• Personality – Are they introverted or extroverted? Optimistic or pessimistic? Passionate or logical?
  • Relationships – How do they interact with other characters? Who are the important people in their life?
  • Flaws – What are their weaknesses? Shortcomings? Bad habits?
  • Talents – What are they good at? What unique skills do they have?
  • Physical description – Height, weight, hair color, eye color, distinguishing features.

Fleshing out all these details will allow you to embody your viewpoint character fully. You’ll understand how they think, how they see the world, and what lens they view events. This will make writing a deep third-person perspective feel natural.

Spend time getting to know your character inside and out before starting your draft. You can even interview them, envision scenarios, or write journal entries in their voice. The more familiar you are with the intricacies of their personality, the better you’ll be able to convey their distinctive perspective.

2. Focus on One Character at a Time

When writing a deep third-person point of view, focusing on one character’s perspective per scene or chapter is important rather than jumping randomly between multiple characters. Sticking with a single Deep POV for an extended period allows you to immerse deeply in that character’s emotions, thoughts, senses, and experiences.

Switching POVs too frequently disrupts the reader’s connection with any one character. It also makes the narrative feel disjointed and distances readers from individual characters. Maintaining a consistent Deep POV for a full scene or chapter leads to a much deeper exploration of that character’s inner world.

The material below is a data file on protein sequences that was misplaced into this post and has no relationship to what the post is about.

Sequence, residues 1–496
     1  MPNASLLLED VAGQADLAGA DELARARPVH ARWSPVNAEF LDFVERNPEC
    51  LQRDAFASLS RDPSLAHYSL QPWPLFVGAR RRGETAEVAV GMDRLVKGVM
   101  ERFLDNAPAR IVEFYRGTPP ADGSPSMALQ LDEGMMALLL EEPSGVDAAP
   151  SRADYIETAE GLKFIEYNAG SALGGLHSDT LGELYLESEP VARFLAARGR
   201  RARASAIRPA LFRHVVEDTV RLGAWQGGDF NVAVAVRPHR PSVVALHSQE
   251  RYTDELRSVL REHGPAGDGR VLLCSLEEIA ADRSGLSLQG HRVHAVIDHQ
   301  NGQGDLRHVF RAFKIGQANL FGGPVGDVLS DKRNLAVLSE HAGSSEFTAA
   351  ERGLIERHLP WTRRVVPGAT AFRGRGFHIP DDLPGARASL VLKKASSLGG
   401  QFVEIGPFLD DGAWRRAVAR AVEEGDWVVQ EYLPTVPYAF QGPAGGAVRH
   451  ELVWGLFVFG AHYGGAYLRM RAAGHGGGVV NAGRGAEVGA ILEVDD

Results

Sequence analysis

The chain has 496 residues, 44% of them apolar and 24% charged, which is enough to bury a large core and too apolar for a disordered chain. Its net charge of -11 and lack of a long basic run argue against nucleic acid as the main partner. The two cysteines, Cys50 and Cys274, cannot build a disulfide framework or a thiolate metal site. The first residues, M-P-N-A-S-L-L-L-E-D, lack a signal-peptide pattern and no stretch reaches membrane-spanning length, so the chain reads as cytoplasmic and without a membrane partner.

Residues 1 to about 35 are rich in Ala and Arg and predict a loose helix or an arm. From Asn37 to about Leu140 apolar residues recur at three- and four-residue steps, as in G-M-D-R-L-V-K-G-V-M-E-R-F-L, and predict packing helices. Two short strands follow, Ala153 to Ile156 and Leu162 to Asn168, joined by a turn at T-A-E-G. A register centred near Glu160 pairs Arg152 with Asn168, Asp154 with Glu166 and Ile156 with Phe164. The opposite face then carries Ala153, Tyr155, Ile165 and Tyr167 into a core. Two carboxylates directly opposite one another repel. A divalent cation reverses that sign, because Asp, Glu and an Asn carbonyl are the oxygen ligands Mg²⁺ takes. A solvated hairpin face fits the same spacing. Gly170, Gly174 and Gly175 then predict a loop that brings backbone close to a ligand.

If you switch POVs between scenes or chapters, make the transitions clear. Use scene breaks, extra line spacing, or explicit cues like “Meanwhile…” to signal that the POV character is changing. Don’t change POVs within the same paragraph or page without some kind of divide.

Adhering to one point of view (POV)—a key among narrative writing elements—enhances story depth and coherence. Resist the urge to jump into a different character’s head just because it feels convenient. Staying in one character’s perspective will lend your story greater focus, depth, and coherence. Your readers will connect more strongly with each viewpoint character.

3. Use Deep Point of View Techniques

One of the keys to writing a deep third-person point of view is to fully inhabit the perspective of your viewpoint character. Instead of telling the reader what’s happening from the outside, put them directly into the mind and body of the character.